What does that term mean and how does it apply to the GMAT?
In fact, it’s pretty much a guiding principle in life and business. If you’ve ever learned how to do anything well, chances are you did apply a little bit of this idea.
To learn a native language, you use patterns that you think will work. Then a parent or a teacher tells you that you’re saying something incorrectly, so you fix it mid-stream.
You try things out. What works stays and what doesn’t goes. It’s that simple. The point, though, is that you’re trying—you’re applying what limited knowledge you have—and learning by trial and error as you move forward.
Somehow, as adults, we seem to forget this.
The way that we approach learning as adults seems to be much more along the lines of how someone learns a language as a student: learn all of the grammar rules and apply them precisely, making sure that we’re saying exactly what we’re trying to say with absolutely no errors.
Does this work? Well, for some people who have a “natural ability with languages” it does. These people can understand grammar very well and apply it in conversation very quickly.
The dirty truth, however, is that they’re spending a lot of time speaking the language and making mistakes. That’s how they become conversational. Basically, they’re approaching language learning from the “immersion” perspective.
They might not be doing it in front of the teacher, but very few people actually learn to speak without actually, you know, speaking. They just learn how to incorporate the new grammar rules because they have applied them and made the fundamental mistakes and have then moved on!
GMAT learning requires mistakes.
If you want to learn how to succeed on the GMAT, I’d suggest an approach that involves lots of faking it until you make it. Learn how to do the GMAT the way a child learns how to speak a language!
In fact, making every possible error would be a great way to learn—if you had the time and the inclination to study what you were doing wrong and to correct these errors.
In that case, what would happen is that you’d be able to see the underlying patterns on the test and be able to understand how to address these patterns when seeing a similar question in the future.
However we don’t have the luxury of 3-8 years of immersive learning—the way a child does to get a good grasp on a native language—to succeed on the GMAT. In a good scenario it’s six months, and often more like 4-6 weeks (PLEASE, PLEASE give yourself at least three months!).
Learning quickly requires faking it AND knowledge work.
So what can we do about this? Apply a program of faking it as well as study of the raw knowledge required.
This is most obvious with Quant concepts: if you don’t understand something, you study the concept and apply that concept until it makes good sense.
Where it breaks down is in the Sentence Correction section. GMAT testtakers almost all speak English well enough to “fake it,” but the problem is that the fluency required to succeed on the GMAT actually encourages people to do so.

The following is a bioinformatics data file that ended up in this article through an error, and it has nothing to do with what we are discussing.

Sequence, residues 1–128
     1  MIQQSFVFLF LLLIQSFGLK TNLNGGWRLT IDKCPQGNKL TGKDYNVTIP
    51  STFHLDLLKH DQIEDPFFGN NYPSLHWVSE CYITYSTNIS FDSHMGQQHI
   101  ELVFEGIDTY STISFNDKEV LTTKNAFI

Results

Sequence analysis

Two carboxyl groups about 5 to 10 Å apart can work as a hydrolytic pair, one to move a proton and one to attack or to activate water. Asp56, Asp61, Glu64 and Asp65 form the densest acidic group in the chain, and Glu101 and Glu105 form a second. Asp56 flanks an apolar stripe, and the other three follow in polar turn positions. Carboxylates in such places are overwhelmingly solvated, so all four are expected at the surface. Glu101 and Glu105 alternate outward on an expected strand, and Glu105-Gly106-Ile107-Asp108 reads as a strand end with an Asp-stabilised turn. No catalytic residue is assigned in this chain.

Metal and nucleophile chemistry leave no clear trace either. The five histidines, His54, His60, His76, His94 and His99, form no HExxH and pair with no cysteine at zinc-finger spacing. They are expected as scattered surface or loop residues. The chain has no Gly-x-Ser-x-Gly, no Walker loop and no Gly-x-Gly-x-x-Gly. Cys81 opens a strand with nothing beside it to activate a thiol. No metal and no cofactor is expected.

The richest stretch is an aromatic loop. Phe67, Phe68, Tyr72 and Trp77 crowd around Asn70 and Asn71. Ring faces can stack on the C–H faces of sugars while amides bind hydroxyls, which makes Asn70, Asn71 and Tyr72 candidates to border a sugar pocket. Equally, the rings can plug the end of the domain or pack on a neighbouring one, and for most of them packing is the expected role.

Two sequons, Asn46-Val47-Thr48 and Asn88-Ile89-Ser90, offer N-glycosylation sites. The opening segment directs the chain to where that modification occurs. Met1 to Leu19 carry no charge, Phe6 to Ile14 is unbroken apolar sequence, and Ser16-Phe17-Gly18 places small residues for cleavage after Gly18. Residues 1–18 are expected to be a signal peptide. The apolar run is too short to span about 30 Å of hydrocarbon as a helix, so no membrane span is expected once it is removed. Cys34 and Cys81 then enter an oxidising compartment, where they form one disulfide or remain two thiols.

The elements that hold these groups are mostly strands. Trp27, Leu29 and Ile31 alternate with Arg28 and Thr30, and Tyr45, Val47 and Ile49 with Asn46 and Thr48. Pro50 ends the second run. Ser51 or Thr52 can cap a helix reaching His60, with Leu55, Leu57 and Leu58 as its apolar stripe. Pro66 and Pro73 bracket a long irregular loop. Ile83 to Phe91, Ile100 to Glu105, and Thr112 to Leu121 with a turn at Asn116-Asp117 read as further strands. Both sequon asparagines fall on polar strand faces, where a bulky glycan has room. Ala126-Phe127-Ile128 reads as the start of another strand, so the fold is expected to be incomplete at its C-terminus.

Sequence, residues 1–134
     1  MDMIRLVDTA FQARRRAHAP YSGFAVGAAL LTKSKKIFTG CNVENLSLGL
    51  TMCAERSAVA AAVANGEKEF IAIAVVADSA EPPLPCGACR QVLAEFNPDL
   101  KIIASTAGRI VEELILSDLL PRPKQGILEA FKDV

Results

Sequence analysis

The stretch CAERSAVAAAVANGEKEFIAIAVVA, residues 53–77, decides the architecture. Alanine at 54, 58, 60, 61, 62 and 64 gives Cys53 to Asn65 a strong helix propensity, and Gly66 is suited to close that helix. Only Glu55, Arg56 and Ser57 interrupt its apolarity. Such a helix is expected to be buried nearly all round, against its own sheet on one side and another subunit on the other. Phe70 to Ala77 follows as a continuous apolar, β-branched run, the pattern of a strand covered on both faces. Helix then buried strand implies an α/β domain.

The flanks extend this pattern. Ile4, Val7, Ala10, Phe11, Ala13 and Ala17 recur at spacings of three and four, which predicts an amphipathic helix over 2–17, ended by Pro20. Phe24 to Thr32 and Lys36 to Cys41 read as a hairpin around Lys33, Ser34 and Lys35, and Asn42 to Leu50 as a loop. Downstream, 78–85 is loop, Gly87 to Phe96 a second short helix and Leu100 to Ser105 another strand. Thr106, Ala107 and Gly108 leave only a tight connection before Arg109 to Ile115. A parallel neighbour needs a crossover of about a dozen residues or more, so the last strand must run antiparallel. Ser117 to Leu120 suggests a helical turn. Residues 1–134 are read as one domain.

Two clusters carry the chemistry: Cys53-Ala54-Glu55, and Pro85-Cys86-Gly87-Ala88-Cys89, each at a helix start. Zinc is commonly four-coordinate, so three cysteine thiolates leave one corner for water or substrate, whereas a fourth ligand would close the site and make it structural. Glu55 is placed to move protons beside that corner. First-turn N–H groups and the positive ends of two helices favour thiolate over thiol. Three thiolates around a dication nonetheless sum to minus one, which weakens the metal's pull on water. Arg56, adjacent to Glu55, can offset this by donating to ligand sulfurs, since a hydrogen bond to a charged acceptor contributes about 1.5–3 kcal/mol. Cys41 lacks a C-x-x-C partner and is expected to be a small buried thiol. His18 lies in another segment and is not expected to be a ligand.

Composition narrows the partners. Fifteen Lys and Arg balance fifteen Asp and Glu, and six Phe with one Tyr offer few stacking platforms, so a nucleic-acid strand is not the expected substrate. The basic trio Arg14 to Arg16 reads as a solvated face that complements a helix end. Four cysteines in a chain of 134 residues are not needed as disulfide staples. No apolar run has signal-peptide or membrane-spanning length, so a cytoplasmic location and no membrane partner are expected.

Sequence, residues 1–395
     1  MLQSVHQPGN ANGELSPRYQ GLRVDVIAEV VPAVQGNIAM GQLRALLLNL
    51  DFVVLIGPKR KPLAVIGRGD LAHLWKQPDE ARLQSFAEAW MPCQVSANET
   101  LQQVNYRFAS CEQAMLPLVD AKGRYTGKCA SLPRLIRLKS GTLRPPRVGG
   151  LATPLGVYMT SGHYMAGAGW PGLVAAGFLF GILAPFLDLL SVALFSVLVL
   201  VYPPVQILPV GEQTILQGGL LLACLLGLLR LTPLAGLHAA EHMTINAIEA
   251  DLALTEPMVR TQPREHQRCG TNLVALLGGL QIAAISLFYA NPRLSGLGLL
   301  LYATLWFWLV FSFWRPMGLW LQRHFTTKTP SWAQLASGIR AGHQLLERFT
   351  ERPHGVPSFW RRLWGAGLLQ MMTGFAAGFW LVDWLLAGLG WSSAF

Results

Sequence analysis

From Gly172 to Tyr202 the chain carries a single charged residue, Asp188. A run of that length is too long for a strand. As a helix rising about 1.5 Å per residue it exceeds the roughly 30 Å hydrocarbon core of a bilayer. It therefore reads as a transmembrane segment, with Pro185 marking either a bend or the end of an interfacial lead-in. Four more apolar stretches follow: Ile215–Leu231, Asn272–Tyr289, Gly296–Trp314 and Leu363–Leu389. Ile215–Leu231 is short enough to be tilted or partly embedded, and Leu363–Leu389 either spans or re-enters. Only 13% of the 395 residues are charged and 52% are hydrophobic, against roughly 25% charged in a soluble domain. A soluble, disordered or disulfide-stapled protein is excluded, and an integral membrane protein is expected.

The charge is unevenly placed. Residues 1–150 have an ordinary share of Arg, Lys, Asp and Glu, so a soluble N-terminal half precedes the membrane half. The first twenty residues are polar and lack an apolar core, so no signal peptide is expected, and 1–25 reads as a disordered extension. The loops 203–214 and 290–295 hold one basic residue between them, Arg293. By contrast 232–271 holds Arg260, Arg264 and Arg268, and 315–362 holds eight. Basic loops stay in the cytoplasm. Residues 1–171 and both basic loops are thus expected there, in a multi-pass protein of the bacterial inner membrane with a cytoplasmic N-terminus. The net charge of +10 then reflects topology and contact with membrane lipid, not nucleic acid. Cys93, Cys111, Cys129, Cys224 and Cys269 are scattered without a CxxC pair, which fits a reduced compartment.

That is, GMAT Sentence Correction questions assume that the testtaker speaks English really well—and speaking “really well” means being able to “read between the lines.”
This is the kiss of death in the Sentence Correction section.
Remember that structure is king in Sentence Correction and if you’re saying something that “makes sense” but isn’t written perfectly, then you need to make sure your Structure matches what you’re trying to say.
How can we do this?
The simplest way to do this is a little though experiment:
Let’s call it the “garbage in, garbage out” (or GIGO) test. GIGO is a test that computer programmers have used since the early days of programming (the term was coined by the US Internal Revenue Service in the 1960s).
Put simply, if you feed badly structured or corrupt information into a computer, the machine—unthinking—will spit out bad information. The computer can’t guess what you’re after.
It’s like putting the wrong number into a calculator: of course the damn answer will be wrong!
So if the structure of your sentence is something that suggests a meaning that is ambiguous or even distinctly different from what you specifically mean to say, then the computer will not understand the true meaning of what you INTEND to say.
Are you saying what you intend to say?
The test, therefore, is to consider each potential sentence as if it is being fed into an unthinking computer. Will the computer understand exactly what you mean to say or could it come up with a different, equally valid alternative?
Unless the sentence structure clearly transports EXACTLY what you’re trying to say—with no ambiguity—then it has failed GIGO and you need to pick another sentence.
How do we tell what sentences are correct?
Unfortunately this implies learning GMAT grammar very well. Unfortunately GMAT grammar doesn’t correspond 100% to any other grammar system you’ll find.
Are you confident that you know exactly what grammar the test expects? Haven’t seen a grammar textbook since grade school (or ever?).
The solution you’ve been waiting for.
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This course will teach you all the fine distinctions you’ll need to master GMAT grammar and stop faking it, complete with multiple examples.
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